Use of certain contraception jabs linked to increased fracture risk
DMPA, a commonly used injectible contraceptive, is associated with higher risk of bone fracture when used alone, and not in combination with estrogens, according to a new study.
Washington: DMPA, a commonly used injectible contraceptive, is associated with higher risk of bone fracture when used alone, and not in combination with estrogens, according to a new study.
The study was presented at the World Congress on Osteoporosis (IOF WCO-ECCEO10) in Florence, Italy.
Depot medroxyprogesterone acetate (DMPA) is a progestin-only long acting reversible hormonal contraceptive birth control drug which is injected every 3 months. It is used by more than 9 million women worldwide, with high usage among teenagers in Europe and the US.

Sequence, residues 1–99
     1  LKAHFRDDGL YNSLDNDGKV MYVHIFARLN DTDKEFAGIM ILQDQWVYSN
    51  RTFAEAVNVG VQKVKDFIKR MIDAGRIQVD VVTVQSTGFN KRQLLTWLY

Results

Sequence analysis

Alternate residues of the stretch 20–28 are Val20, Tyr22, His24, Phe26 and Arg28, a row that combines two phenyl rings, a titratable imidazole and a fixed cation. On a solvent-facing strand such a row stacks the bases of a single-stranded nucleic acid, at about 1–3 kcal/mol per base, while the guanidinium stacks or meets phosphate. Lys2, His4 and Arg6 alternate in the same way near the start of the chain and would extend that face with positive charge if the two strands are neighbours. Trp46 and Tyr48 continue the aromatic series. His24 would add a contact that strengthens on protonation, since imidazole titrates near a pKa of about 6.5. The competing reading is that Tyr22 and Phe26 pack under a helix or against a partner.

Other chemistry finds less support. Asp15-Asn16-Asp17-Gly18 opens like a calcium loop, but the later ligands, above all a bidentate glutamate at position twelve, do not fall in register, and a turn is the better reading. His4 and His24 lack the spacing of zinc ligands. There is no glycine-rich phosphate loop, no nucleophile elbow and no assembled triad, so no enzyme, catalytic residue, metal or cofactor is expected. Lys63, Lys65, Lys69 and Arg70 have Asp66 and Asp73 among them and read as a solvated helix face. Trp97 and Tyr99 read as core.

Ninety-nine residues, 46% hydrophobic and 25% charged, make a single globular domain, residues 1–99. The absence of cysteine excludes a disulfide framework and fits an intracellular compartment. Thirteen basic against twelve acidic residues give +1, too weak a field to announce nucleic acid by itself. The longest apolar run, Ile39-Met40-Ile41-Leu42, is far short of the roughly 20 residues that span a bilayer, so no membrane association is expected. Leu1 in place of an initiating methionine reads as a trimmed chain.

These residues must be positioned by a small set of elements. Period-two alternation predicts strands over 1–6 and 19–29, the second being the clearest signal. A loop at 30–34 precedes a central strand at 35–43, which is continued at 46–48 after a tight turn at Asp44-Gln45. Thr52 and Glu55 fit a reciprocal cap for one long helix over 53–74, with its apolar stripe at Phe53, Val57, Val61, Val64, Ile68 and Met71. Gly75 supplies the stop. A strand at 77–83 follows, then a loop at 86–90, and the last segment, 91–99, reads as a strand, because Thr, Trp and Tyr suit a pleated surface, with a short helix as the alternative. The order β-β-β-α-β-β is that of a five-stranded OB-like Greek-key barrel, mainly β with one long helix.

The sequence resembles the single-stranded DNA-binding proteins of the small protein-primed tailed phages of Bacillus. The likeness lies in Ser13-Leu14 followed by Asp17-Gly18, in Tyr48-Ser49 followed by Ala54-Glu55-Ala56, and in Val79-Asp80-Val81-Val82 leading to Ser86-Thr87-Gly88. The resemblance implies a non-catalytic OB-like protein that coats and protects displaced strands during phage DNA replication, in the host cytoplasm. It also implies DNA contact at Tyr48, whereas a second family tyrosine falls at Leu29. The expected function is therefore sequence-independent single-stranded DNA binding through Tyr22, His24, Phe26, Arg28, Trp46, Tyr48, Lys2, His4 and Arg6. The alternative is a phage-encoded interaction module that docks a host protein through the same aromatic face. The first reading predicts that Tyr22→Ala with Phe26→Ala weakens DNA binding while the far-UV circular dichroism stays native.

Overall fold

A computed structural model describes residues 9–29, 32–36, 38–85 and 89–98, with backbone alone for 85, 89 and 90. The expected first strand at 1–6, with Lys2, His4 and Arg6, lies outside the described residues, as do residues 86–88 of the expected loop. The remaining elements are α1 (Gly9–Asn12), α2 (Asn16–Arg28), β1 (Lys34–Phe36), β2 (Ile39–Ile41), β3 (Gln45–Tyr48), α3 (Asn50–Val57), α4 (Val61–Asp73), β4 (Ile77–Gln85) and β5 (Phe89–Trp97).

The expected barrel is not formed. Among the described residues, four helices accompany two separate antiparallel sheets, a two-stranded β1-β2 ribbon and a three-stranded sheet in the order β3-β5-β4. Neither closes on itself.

Previous research has shown that use of DMPA is associated with impaired bone acquisition during adolescence and accelerated bone loss later in life, mainly in younger women with lower estrogen levels. However, few studies have looked into the impact of DMPA on fracture risk.
The study, conducted by researchers at the University Hospital Basel, Switzerland and the Boston University Medical Center, Lexington, USA, used a case-control analysis to evaluate the relationship between long-term use of DMPA, with or without estrogen, and the risk of fractures.
The results show that in women below 50 years of age, longer-term use of DMPA of two and more years is associated with a 50 percent increased risk of fracture. For users of combined estrogen-containing oral contraceptives fracture risk was not increased.